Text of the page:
Sunday, 26 April 2009

Later tomorrow afternoon I’ll trudge along to Carisbrook for a few beers and a bit of footy. The beer I’ll enjoy. As for the latter, I hope it’s third-time lucky because, for me as a fan, the Highlanders at home and Super 14 rugby are knocking on the door of the Last Chance Saloon.

I have no doubt the Highlanders will beat the Cheetahs but they can’t afford to win ugly like they did against the Crusaders or the ‘Brook will resemble a deserted tumble weed town from a B-grade Western movie, as fans vote with their feet.

Having spent the best part of half a century watching rugby, I can say, hand-on-heart, I’ve never seen a worse game. And I had free beer to dull the pain!

When some of our greats are expressing grave concerns about our national game, it’s time to sit up and take notice. Last week on the Farming Show the great Sir Colin Meads said he no longer understood or enjoyed the modern game. Gates, he said, belonged on farms and pods in vegetable gardens.

Stu Wilson, for his part, said rugby players are in the entertainment business but they are no longer entertaining him.

I don’t blame the players, they have my sympathy, for they are better-prepared athletes today than the likes of Meads or Wilson were in their heyday. The fault can be laid fairly and squarely at the doors of the rule makers and the IRB.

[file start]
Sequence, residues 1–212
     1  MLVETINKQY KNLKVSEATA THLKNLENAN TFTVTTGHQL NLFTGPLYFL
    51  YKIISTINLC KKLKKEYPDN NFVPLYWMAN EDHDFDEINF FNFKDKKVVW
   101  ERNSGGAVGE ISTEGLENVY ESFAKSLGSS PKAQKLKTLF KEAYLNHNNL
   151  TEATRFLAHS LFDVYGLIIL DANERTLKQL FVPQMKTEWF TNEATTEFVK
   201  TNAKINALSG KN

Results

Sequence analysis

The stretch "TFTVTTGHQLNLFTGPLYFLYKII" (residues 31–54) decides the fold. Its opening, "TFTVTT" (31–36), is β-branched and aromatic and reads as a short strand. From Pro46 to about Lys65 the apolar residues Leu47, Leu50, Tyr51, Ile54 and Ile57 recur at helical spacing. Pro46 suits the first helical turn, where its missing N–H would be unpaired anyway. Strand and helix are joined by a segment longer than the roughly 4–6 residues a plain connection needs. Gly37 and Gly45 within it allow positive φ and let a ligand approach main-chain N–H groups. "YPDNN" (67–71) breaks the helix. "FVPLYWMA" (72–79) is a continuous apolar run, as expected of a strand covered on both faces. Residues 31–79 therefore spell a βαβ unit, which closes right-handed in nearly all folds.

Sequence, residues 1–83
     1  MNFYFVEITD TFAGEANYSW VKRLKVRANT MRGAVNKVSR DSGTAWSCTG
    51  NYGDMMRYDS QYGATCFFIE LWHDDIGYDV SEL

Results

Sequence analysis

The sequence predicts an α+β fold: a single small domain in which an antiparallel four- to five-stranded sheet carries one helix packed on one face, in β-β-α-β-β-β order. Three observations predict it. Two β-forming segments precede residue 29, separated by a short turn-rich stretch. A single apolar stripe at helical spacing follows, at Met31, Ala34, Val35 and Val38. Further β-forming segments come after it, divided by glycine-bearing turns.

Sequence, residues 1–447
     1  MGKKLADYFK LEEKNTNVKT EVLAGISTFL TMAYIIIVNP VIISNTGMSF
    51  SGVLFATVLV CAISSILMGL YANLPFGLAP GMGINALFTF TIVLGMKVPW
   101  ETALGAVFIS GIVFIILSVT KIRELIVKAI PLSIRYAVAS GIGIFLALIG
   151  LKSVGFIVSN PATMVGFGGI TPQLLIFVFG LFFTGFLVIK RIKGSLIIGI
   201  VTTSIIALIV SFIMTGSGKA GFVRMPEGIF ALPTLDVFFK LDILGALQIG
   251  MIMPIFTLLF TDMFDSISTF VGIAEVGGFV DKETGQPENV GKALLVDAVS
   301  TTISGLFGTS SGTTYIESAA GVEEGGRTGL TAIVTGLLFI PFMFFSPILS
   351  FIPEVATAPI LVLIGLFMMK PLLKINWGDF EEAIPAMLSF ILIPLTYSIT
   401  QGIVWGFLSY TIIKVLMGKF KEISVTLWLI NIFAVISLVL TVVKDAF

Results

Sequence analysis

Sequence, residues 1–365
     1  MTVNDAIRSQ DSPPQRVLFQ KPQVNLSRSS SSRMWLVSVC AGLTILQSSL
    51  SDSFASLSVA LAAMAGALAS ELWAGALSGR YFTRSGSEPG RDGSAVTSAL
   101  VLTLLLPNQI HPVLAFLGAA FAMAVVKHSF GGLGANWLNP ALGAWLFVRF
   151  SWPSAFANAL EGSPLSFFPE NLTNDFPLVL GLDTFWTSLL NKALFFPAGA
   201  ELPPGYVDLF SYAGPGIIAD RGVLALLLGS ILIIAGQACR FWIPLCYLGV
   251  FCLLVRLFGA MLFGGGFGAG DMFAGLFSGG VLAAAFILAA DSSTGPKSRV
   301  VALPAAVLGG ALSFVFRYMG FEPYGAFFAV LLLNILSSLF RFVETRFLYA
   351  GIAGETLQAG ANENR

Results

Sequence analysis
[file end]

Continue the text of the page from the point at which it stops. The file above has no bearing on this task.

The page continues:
Until rugby reverts back to its purest and simplest form, that of the 14 players creating space for the 15th to score a try, the game is buggered.

A rugby paddock is a narrow channel on which to attack and an easy fortress to defend with 15 men spread-eagled across it. Commit seven or eight of them to a ruck in the middle and you suddenly have space and a resultant meaningful contest.

Southland bids farewell to a good man tomorrow.

Riversdale policeman Jacob Schriek moved into my old home town just after I moved out so thankfully I never got to know him in a professional capacity. But over the past 15 years I got to know him in his capacity as a sports nut.

His contribution to cycling, as an elite athlete and latterly as an administrator, has been well documented in this publication following his tragic passing on the Motatapu Icebreaker last weekend. But his interest and passion for sport went well beyond the two wheels he was so good at peddling around a track at a frightening pace.
God speed Jacob. And if He is speeding up there, I’m sure even He won’t be exempt from a ticket.


Post a Comment

Subscribe to Post Comments [Atom]

<< Home